Revised figures from Target Corp have nearly doubled the number of customers to be hit by data theft over the Christmas holidays, up from 40 million to some 70 million credit and debit cards.
In December the company reported that that hackers had stolen card data including numbers, names, postal addresses, phone numbers and email addresses, though the data is said to be "partial in nature." Thieves are reported to have installed data-stealing code on to card-swipe machines at tills in all 1,797 Target stores between November 27 and December 15 last year.
Target has offered one year of free credit monitoring and identity theft protection to all its US customers, with three months to enroll, and has said customers would have "zero liability" for any fraud losses; it is also providing tips on avoiding scams for those whose emails were taken.
Nonetheless, some customers still reportedly intend to sue Target, for failing to notify them of the breach before it was first reported and for not maintaining “reasonable security procedures" to prevent the attack.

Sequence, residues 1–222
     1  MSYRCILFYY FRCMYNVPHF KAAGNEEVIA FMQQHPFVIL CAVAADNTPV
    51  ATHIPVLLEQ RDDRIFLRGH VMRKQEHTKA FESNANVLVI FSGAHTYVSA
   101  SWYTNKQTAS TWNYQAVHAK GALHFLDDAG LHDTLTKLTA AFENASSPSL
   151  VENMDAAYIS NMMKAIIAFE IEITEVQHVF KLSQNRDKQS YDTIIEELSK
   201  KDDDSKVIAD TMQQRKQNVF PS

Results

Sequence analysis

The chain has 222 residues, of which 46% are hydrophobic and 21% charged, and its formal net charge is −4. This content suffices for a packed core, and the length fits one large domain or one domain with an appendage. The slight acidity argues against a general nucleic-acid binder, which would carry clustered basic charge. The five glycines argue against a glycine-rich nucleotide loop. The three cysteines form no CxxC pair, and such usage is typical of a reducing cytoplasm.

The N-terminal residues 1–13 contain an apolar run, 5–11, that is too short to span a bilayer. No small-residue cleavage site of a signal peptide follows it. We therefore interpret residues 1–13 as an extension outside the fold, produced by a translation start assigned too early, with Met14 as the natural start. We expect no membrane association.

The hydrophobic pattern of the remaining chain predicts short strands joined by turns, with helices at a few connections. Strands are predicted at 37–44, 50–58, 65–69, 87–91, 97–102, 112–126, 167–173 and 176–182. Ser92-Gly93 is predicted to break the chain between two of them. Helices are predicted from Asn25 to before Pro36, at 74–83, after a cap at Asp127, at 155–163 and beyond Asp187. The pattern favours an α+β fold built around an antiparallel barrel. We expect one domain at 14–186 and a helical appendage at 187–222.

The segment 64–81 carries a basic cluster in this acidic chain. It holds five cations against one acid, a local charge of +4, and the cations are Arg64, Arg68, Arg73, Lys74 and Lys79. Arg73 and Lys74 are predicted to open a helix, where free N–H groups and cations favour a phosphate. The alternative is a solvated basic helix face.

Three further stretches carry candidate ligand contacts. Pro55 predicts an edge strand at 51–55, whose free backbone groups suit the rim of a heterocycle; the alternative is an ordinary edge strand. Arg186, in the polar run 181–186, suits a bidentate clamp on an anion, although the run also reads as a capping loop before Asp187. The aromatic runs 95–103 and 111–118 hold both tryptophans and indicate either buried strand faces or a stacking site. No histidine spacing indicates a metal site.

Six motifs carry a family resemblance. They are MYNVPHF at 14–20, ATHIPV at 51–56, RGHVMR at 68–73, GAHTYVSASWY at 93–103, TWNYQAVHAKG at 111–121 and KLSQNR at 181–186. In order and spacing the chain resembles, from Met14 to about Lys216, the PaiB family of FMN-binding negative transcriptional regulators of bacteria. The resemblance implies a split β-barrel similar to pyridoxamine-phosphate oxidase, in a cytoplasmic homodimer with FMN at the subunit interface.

Sales had been going well, but were then hit by the breach with forecasts for fourth-quarter earnings down. Target shares initially fell 32 cents to US$ 63.03 (approximately £38.25) shortly after the market opened, with the company announcing reduced Q4 earnings from flat to a 2.5 percent decline.
Jason Hart, VP Cloud Solutions at SafeNet commented: “Whilst the payment information taken in the Target breach was encrypted, immediately reducing the impact of the breach, it is clear that data cannot be encrypted in isolation.
"Right now, companies encrypt to be compliant with numerous data breach regulations, such as PCI-DSS. However, as with most compliance regulations, PCI-DSS only mandates a lowest common denominator-level of security and more protection is required. Organisations now need to move beyond basic regulations and ensure that they are securing data throughout its whole lifecycle. This means securing data at the application layer (such as point-of-sale terminals), while it is in transit or motion, and when it is stored."
Hart added: “One of the most common mistakes that organisations make is storing the encryption key in an insecure manner, thus exposing sensitive information to significant risk. Therefore, only those companies that encrypt all valuable data and apply tamper-proof and robust controls to the management of the keys, can be safe in the knowledge that their data is protected whether or not a security breach occurs.”
Target is the third-largest US retailer and this is the second-largest such breach reported by a US retailer.